• In February 2011, the House of Representatives passed H.R. 1—legislation intended to reduce federal spending by $100 billion, consistent with House Republicans’ “Pledge to America.” CBO found 23 pages’ worth of CHiMPS in the House-passed version of H.R. 1. These reductions in mandatory spending ran the gamut from $26 million in savings over one year, and $74 billion in savings over ten years, achieved by reducing the maximum Pell Grant award (Section 1831), to $30 million in savings achieved by reducing mandatory appropriations to the Consumer Financial Protection Bureau (Section 1517).
  • Congress has already defunded mandatory programs within Obamacare—and done so through appropriations measures. Section 1857 of the continuing resolution Congress enacted in April 2011 (P.L. 112-10) “permanently cancelled” $2.2 billion in mandatory funding to Obamacare’s co-op health insurance program.
  • Congress has also defunded elements of health care entitlements for decades. Every year since 1976, Congress has enacted the Hyde Amendment, which bans federal funding of abortion. This provision, enacted as part of discretionary appropriations legislation, prohibits abortion coverage in the Medicaid entitlement program.
  • Historically, Congress has used the “power of the purse” broadly to make key policy statements through defunding. For instance, in 1982 Congress acted to block the Reagan Administration’s policy for supporting the Contra forces opposing the Nicaraguan government. As part of Public Law 97-377, Congress prohibited both the Department of Defense and the Central Intelligence Agency from furnishing military equipment and support to any group for the purpose of overthrowing the Nicaraguan government. Even though defense spending is not funded through mandatory appropriations, the example demonstrates that defunding has been—and remains—a powerful tool Congress can use to affect public policy.
  • Given the examples above, and numerous others, it is beyond dispute that Congress can use its power of the purse to defund Obamacare—both its mandatory and discretionary spending—in appropriations legislation this fall. The lone remaining question is whether Congress can summon the political will to do so.

This Fact Sheet was originally published by The Heritage Foundation.

Defunding Obamacare

Background

• On January 1, 2014—three months into the next fiscal year—Obamacare’s new entitlements are scheduled to take effect. According to the Congressional Budget Office, the federal government will spend $48 billion in 2014—and nearly $1.8 trillion through 2023—on these new entitlement programs.

• Also on January 1, Americans will be forced by their government to buy a product—health insurance—for the first time ever. This mandate will be enforced by tax penalties administered through the Internal Revenue Service (IRS). The Obama Administration has requested over $400 million in funding, and nearly 2,000 bureaucrats, for the IRS to implement the individual mandate and 46 other statutory provisions in its remit.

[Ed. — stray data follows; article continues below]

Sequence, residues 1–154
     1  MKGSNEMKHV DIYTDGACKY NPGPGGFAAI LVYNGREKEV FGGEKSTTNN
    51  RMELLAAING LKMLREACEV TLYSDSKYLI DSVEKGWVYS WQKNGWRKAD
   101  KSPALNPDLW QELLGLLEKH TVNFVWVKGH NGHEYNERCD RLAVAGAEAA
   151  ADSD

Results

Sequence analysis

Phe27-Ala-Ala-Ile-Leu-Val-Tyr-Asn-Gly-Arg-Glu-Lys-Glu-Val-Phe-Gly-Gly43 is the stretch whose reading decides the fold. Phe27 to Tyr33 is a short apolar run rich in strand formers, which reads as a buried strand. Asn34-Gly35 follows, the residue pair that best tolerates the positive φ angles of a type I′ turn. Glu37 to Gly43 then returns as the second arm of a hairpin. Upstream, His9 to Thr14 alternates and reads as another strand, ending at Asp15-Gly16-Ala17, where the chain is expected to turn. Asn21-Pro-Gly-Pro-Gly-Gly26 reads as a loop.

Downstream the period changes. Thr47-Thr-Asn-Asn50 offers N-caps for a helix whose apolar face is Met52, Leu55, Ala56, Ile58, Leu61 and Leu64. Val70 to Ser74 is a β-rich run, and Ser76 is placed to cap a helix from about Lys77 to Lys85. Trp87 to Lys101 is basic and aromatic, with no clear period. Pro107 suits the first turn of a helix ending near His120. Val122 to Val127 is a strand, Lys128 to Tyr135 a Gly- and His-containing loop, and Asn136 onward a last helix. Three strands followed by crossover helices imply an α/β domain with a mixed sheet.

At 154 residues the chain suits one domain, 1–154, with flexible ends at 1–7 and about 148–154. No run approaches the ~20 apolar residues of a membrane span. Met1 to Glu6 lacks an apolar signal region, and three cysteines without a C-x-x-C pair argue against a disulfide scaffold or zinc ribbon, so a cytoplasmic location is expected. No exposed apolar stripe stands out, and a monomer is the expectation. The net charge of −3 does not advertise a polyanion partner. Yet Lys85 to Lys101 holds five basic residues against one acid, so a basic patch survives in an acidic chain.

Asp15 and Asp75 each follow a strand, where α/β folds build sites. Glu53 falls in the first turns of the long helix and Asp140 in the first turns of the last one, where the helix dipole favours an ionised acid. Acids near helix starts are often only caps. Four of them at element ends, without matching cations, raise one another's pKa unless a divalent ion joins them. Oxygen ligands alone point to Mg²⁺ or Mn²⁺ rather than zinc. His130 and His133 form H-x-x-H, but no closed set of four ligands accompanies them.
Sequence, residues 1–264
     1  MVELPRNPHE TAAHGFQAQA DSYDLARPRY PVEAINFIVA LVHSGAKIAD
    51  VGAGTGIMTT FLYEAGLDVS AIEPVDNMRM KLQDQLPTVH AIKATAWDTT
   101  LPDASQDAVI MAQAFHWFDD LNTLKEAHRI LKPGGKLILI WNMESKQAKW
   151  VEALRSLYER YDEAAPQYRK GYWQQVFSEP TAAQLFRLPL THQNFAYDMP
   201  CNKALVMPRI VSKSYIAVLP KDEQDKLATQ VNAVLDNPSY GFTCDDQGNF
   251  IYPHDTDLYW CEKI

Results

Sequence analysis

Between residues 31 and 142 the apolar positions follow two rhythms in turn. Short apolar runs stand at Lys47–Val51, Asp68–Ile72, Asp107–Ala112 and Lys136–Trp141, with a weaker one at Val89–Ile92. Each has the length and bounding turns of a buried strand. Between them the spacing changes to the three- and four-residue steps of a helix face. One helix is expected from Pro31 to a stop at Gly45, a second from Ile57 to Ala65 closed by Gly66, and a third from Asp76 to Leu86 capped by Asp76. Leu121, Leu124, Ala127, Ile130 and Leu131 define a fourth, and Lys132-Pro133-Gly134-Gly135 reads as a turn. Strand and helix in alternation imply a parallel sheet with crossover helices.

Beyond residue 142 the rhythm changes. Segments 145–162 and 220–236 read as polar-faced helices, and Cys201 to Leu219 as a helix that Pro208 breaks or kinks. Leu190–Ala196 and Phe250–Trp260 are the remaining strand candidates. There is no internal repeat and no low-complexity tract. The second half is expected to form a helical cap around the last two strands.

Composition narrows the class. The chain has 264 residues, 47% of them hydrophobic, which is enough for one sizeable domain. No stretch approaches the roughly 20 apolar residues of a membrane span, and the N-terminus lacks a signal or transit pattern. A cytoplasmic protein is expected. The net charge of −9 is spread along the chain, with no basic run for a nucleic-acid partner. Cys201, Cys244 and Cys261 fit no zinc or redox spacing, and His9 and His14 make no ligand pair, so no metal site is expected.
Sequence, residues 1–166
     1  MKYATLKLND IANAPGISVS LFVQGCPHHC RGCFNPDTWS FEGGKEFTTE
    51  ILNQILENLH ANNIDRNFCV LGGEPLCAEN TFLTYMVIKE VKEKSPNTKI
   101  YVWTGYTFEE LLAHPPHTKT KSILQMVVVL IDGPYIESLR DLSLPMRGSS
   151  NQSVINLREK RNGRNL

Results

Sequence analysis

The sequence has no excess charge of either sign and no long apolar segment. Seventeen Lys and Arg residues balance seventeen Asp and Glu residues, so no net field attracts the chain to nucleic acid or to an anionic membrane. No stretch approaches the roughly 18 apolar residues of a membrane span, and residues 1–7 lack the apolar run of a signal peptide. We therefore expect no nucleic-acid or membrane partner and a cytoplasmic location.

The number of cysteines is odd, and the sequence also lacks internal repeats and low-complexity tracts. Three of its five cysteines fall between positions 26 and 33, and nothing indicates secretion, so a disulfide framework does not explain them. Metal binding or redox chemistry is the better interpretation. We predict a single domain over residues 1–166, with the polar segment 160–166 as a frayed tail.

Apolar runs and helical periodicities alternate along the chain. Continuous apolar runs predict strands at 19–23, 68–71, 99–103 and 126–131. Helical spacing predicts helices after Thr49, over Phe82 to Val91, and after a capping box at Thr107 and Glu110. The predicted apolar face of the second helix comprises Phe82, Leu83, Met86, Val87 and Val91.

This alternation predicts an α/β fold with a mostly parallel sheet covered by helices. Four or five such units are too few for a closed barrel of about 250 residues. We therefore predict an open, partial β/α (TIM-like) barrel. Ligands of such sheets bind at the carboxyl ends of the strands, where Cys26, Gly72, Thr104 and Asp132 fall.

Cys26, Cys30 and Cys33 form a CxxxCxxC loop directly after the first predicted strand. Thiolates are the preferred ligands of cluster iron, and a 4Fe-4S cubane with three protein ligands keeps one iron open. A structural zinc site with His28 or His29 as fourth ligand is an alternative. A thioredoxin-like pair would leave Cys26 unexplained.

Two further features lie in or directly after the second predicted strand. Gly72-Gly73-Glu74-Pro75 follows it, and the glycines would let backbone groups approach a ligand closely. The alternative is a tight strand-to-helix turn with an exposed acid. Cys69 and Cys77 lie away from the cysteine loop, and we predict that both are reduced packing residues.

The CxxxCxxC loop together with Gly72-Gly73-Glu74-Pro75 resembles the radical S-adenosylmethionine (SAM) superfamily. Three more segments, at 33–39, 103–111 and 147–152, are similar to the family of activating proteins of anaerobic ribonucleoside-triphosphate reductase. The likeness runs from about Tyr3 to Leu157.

• Within the Administration, the blizzard of Obamacare rules and regulations continues apace. Regulators have now written over 20,000 pages of Obamacare-related rules and notices in the Federal Register. Many of these regulations will raise the cost of insurance; the Congressional Budget Office concluded Obamacare would raise individual health insurance premiums by $2,100 per year.

Questionable Spending

• In addition to Obamacare’s new entitlements, Secretary Kathleen Sebelius has used much of the Department of Health and Human Services’ (HHS) budget as a “slush fund” for Obamacare implementation.

• Earlier this year, HHS announced it was diverting $150 million in community health center funding toward Obamacare enrollment and outreach. HHS also created “in-person assisters”—a program not authorized in Obamacare—to allow state exchanges to use more federal dollars for Obamacare enrollment efforts.

• Congressional committees recently opened investigations into HHS’s actions. Secretary Sebelius has acknowledged making calls asking outside organizations to fund a pro-Obamacare campaign run by former White House officials. And the Food and Drug Administration—which has no jurisdiction over health insurance programs—used taxpayer funding to promote Obamacare enrollment efforts.

Need for Immediate Action

• The only way for Congress to stop the new entitlements and executive branch spending abuses is to defund all Obamacare implementation efforts across the federal government.

• Full defunding of Obamacare would halt the law’s new entitlements before they start—and prevent HHS from raiding other parts of the departmental budget to promote Obamacare.

• Defunding Obamacare would also prevent the application of the law’s new regulations and 18 separate tax increases, including the tax for not complying with the individual mandate.

• While Congress cannot unilaterally repeal Obamacare, the Constitution grants Congress the ultimate “power of the purse.” If Congress chooses not to fund Obamacare activities for the upcoming fiscal year, the Obama Administration cannot act to implement the law. Congress can, and Congress should, act to defund all of Obamacare now.

This Fact Sheet was originally published by The Heritage Foundation.